If you follow the open source community, you might be familiar with the Google Summer of Code (GSoC). GSoC, which has been an annual event since 2005, pairs computer science students with open source projects for a summer of software development. If students successfully complete the task they’ve chosen to the satisfaction of their open source project sponsor and Google, they receive a substantial monetary stipend for their efforts. This simultaneously gives CS students solid, real-world experience (and money ;-)) while contributing to the success of various open source projects.

One of my favorite open source projects, the Haiku OS, is an effort to create a modern, reliable, user-friendly operating system inspired by the defunct BeOS (which was, indeed, a reliable, user-friendly operating system but failed in the marketplace). Haiku has been awarded five slots in this year’s GSoC, which is awesome, but in their drive for reaching a final ‘1.0’ product release they wanted to go a step further.

That’s the driving force behind the Haiku Code Drive 2008. Independent of the GSoC (but along the same lines), the project is raising money to fund up-to five students who wanted to participate in the GSoC but were not offered slots by Google. So far, they have raised enough to fund two additional goals beyond those in the GSoC. The fund-raising continues through approx. May 29, and (if there isn’t enough money to fund all five slots) the goals will be prioritized by a community poll held from May 22-29. If you want to see a free, user-friendly, desktop-oriented OS in the marketplace to compete with the triumvirate of Windows, Mac OS, and Linux, please send these folks a few dollars.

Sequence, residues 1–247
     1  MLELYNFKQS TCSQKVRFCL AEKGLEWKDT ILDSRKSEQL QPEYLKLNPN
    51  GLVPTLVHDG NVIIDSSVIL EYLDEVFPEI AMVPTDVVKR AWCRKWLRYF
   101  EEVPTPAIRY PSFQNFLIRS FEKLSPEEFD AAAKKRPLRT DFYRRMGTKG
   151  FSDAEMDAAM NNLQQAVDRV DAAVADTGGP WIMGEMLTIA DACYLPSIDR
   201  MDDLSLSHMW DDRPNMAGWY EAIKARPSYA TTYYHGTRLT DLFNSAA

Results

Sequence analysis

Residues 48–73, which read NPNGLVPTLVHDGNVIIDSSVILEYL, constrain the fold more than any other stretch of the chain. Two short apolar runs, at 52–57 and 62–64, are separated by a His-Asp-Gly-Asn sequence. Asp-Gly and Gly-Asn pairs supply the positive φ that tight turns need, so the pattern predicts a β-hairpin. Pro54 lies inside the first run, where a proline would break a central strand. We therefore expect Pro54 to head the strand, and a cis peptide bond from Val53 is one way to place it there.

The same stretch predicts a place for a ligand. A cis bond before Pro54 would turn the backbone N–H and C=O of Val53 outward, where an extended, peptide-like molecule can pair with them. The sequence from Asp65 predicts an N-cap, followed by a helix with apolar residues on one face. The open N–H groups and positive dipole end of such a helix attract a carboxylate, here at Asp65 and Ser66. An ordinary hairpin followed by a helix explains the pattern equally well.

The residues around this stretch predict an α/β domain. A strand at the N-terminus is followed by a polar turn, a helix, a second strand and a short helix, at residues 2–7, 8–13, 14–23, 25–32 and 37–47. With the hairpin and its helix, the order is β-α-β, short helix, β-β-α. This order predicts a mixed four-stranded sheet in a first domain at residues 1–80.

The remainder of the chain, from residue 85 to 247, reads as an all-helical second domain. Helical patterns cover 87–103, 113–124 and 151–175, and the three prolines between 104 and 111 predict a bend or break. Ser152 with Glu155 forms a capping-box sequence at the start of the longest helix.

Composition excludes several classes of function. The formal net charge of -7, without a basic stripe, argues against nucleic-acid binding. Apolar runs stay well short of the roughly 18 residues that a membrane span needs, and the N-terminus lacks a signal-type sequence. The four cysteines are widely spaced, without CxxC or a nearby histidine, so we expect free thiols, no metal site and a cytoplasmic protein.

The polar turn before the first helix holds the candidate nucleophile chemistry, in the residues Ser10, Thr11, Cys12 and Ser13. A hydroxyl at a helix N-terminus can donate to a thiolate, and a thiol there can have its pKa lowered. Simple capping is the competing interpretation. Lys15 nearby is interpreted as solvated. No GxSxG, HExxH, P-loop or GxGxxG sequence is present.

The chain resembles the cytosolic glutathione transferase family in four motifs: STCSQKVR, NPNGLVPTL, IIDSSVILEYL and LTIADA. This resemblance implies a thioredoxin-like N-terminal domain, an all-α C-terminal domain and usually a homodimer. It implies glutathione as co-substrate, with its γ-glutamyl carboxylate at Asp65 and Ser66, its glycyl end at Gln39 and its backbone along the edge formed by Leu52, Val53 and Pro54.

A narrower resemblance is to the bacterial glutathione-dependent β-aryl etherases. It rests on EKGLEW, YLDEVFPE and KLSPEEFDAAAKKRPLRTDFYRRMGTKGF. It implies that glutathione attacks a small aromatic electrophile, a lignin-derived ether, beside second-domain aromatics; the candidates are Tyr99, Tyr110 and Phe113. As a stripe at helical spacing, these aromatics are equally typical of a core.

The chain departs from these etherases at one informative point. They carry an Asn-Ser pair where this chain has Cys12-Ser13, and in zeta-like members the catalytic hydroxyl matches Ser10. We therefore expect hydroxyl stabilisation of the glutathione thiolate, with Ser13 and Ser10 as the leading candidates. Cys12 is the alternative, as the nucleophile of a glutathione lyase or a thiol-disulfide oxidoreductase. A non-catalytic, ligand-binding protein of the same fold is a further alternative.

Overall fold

Scott Bradford has been building web sites and using them to say what he thinks since 1995, which tended to get him in trouble with power-tripping assistant principals at the time. He holds a bachelor’s degree in Public Administration from George Mason University, but has spent most of his career (so far) working on public- and private-sector web sites. He is not a member of any political party, and brands himself an ‘independent constitutional conservative.’ In addition to holding down a day job and blogging about challenging subjects like politics, religion, and technology, Scott is also a devout Catholic, gun-owner, bike rider, and music lover with a wife, two cats, and a dog.